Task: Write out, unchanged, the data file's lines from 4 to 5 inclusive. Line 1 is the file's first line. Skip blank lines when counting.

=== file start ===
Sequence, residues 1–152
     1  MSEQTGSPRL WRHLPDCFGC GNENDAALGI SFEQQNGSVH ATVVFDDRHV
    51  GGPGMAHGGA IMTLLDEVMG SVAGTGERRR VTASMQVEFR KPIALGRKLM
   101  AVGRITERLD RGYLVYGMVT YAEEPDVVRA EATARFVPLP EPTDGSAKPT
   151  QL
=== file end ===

   101  AVGRITERLD RGYLVYGMVT YAEEPDVVRA EATARFVPLP EPTDGSAKPT
   151  QL